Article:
Talk shows, social media and conversations are always reminding us about the so-called "Good Old Days." Not all of the past was golden, that's for sure. Poverty, wars, racial injustice, epidemics: there are many things that were not better in the past. But the old-time pleasures are still great to look back on and recall. Sharing memories of good times past with others can make new memories and pass along important values.
Yet while remembering things from the past that were beloved and pleasurable, it can be important to look around at the present. Take time to appreciate advances in medicine and convenience, to enjoy technology and advancing ideas, and to value what has been made much better, so that each day can be one of the "Good New Days."
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Have you heard people say that "growing old is no fun?" Who says? Retirement no longer means sitting in a rocking chair just watching other people enjoy life. There are plenty of ways to still have fun as seniors.
1. Take a Chance
Games can be individual activities, like playing Solitaire or working a Sudoku puzzle, or group enterprises, such as the card game Hearts or a trivia game. The brain activity provided by counting, guessing, figuring and laughing is a tremendous advantage to mental health and a scheduled "game night" on the calendar can also provide something to look forward to.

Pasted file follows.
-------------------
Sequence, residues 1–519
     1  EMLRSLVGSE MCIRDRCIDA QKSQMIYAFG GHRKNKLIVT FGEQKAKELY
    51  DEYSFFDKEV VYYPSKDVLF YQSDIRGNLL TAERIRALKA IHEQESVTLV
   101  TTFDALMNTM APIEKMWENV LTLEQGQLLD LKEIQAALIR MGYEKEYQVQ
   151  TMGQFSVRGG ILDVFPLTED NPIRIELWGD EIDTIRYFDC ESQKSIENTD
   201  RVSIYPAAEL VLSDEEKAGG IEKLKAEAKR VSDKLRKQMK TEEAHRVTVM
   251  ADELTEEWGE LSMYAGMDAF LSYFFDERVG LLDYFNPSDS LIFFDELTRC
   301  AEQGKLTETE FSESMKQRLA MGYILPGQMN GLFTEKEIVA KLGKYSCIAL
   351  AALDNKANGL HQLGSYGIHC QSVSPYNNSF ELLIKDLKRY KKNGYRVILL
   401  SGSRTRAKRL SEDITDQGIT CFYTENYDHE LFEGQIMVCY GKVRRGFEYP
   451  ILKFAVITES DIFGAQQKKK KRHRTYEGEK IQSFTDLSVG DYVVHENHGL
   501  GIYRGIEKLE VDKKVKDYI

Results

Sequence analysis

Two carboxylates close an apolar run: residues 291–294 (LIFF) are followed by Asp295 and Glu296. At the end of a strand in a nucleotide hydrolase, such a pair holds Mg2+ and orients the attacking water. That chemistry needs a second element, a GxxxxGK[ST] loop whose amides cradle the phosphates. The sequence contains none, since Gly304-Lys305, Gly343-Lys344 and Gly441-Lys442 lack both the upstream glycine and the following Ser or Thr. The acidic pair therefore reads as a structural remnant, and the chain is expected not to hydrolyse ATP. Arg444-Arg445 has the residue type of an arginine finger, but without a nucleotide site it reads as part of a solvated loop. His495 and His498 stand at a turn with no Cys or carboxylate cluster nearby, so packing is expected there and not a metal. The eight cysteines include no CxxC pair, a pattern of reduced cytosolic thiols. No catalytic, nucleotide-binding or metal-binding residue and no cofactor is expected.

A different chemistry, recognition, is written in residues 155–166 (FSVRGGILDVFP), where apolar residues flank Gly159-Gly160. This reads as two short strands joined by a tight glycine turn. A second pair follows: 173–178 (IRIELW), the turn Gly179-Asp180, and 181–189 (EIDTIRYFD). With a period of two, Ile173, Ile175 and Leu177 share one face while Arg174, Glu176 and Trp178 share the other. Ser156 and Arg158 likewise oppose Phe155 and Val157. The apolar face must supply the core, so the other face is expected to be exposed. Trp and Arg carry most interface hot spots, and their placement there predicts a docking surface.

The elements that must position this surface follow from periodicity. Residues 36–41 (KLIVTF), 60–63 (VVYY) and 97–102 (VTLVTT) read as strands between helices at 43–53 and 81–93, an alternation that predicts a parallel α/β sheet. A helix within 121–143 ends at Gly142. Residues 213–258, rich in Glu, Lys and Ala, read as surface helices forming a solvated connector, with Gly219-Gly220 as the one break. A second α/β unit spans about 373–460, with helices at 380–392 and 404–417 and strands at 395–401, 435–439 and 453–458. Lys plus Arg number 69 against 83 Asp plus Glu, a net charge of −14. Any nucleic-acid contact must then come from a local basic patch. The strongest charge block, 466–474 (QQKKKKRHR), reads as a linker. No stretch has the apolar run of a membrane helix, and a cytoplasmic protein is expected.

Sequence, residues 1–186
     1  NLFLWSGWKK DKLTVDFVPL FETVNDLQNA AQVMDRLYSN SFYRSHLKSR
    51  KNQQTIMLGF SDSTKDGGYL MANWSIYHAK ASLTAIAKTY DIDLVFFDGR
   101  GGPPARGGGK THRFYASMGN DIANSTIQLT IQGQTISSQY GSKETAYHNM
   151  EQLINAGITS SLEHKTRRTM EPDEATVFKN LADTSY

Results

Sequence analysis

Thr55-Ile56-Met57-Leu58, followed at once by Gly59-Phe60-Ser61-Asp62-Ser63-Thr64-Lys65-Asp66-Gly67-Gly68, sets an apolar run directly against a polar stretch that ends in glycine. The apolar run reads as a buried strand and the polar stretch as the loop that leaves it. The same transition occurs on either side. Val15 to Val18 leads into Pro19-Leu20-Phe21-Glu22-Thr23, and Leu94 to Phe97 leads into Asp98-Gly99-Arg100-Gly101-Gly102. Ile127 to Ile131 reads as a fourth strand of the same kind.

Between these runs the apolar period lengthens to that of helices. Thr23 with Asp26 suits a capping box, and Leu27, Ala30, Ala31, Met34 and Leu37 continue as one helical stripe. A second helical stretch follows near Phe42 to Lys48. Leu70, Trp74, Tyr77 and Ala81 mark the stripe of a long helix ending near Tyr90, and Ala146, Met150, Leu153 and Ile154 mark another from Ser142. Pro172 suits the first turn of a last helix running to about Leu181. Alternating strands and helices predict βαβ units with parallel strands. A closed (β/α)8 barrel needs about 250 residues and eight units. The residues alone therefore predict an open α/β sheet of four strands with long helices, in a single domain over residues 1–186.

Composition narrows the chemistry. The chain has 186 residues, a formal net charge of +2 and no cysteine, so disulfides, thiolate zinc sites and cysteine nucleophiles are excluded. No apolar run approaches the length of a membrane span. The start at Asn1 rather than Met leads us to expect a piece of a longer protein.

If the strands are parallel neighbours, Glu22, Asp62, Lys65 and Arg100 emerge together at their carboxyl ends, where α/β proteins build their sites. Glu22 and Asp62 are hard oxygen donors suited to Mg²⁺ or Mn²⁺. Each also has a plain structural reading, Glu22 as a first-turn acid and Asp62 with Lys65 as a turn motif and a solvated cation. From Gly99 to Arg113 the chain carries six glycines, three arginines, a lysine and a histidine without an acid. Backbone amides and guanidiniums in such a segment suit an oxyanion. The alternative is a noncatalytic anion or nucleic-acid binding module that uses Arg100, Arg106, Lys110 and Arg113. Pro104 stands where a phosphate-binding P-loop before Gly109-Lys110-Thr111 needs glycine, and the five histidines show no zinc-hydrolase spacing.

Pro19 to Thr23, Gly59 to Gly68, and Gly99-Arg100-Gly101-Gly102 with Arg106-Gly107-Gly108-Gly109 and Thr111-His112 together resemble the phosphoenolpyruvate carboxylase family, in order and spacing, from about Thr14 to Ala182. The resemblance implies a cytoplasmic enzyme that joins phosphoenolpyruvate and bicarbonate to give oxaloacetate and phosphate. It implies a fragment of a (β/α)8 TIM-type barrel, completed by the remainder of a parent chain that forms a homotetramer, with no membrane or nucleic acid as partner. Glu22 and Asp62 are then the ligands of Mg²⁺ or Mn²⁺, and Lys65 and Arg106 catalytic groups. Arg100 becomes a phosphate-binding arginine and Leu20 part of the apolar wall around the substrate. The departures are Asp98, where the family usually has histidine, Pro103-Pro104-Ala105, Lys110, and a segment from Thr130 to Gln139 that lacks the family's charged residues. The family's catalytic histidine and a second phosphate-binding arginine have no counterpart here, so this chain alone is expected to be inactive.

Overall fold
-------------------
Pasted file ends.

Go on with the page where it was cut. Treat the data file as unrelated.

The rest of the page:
2. Take a Moment
Even if the family is too busy to stop by for long visiting sessions, memories and thoughts can be shared through writing. Many people this their life was routine or ordinary, but everyone has real stories, heartbreaks, obstacles and successes to pass along to others. An older adult can jot down notes about their time in a war or their reactions to a historical event. Maybe share some gardening secrets or memories of a teaching career. The budding writer might have some hilarious tales to tell. If hand-writing is hard, enlist a younger relative to "take dictation" for an hour or so at a time or use a small recording device. The process of writing can actually prevent age-related brain shrinkage.
3. Take a Walk
The simple act of taking a walk is one of the best ways to keep healthy. Even a stroll around the block or up the hallway and back can add to a senior's strength, balance, lung function and eyesight. New vistas and scenery can soothe the mind: a bird's nest, a holiday decoration, a child at play or new models of cars all provide new "brain food."
4. Take the Plunge
Swimming can be a safe and healthy way for seniors to spend time. While being a calm way to lower blood pressure and increase strength, it's easy on the joints and can help fight osteoporosis. Some classes at a local gym or community pool are geared especially to seniors, with helpful instructors and fun music.
5. Take the Stage
"Let's put on a show," was often the delighted cry of Mickey Rooney and Judy Garland, and it's still a wonderful idea. Many residential or worship centers provide activities for seniors to act, sing, or dance. Cardiovascular health, serotonin levels, balance and memory can all be improved by getting creative in these active ways.
Write something about yourself. No need to be fancy, just an overview.